Allergies and Allergic Reactions

What are Allergies

An Allergy is a hypersensitivity to foreign substances which are normally harmless but which produce a violent reaction in the allergy sufferer. Your immune system’s job is to protect you from bacteria and viruses. If you have allergies, though, part of your immune system works too hard. It may attack harmless substances such as cat dander or pollen in your eyes, nose, lungs, and under your skin. When you come in contact with an allergen, your immune system starts to generate chemicals known as IgE antibodies. And these chemical compounds can motive histamine, which causes swelling, infection and a build up of mucous.

Allergies are generally the body's effort to eliminate something it considers unsuitable. Typical allergic reactions are hay fever, migraines, asthma, hay fever, digestive disturbances, coeliac disease, conjunctivitis, skin conditions such as urticaria and eczema, drowsiness, Chronic fatigue syndrome (CFS), hyperactivity in children, tinnitus, recurrent sinusitis and ear infections. In a few people the histamine (anaphylactic) reaction can cause muscle cramps, disorientation, unconsciousness and even death from shock or suffocation.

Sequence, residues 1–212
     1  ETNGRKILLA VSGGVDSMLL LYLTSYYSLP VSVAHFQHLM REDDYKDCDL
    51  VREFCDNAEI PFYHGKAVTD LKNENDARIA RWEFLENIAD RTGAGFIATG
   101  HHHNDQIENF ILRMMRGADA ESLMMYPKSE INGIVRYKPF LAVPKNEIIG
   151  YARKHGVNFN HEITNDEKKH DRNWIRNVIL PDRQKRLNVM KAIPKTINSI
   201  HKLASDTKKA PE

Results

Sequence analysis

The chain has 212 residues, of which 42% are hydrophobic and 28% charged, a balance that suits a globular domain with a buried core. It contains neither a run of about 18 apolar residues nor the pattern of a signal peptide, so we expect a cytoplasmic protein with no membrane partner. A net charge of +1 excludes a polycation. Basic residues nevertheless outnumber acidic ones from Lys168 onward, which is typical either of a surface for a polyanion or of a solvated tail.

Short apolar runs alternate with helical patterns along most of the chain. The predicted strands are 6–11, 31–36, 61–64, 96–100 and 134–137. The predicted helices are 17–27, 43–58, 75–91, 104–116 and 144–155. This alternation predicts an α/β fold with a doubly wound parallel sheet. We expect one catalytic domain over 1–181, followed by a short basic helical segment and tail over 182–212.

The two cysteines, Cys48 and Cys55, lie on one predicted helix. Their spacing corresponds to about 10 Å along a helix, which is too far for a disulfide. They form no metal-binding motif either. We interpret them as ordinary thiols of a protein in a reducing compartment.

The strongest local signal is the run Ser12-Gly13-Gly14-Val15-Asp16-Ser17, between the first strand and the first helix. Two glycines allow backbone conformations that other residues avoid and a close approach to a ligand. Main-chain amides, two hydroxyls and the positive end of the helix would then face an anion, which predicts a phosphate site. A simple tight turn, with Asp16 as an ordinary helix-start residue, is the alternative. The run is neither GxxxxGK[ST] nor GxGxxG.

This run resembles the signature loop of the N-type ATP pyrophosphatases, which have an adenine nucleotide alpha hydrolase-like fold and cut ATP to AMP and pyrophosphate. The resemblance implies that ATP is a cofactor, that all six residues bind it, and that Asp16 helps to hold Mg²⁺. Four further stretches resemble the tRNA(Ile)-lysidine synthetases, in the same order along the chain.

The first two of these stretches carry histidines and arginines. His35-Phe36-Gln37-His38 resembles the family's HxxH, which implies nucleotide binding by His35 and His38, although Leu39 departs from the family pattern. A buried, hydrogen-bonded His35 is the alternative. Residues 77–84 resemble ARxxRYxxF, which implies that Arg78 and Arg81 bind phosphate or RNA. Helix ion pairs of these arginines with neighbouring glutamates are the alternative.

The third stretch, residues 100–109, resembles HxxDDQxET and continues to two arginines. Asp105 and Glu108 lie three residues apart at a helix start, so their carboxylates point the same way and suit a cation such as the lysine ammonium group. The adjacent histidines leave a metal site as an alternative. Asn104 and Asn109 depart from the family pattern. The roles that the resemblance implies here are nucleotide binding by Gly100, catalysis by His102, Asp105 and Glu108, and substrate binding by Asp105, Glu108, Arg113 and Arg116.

Allergy vs Intolerance

An Allergy is not the same as an intolerance. Allergies always involve the immune system, whereas an intolerance, eg. lactose intolerance, is caused by a lack of lactase, the enzyme that converts lactose into glucose.


Almost any substance can be an allergen for an individual. Common allergens include certain foods, especially milk, wheat and eggs, pollens, dust, moulds, cosmetica and certain food additives.

Type 1 Allergies

There are different types of Allergies, the most common being type 1. When an allergen encounters cells capable of antibody formation, they then form IgE antibodies which bind to the surface of other cells, called mast cells and basophils. In response to the attachment those cells release chemicals, called mediators of anaphylaxis, among them histamine. Those chemicals cause allergic reactions such as swelling or the secretion of mucus.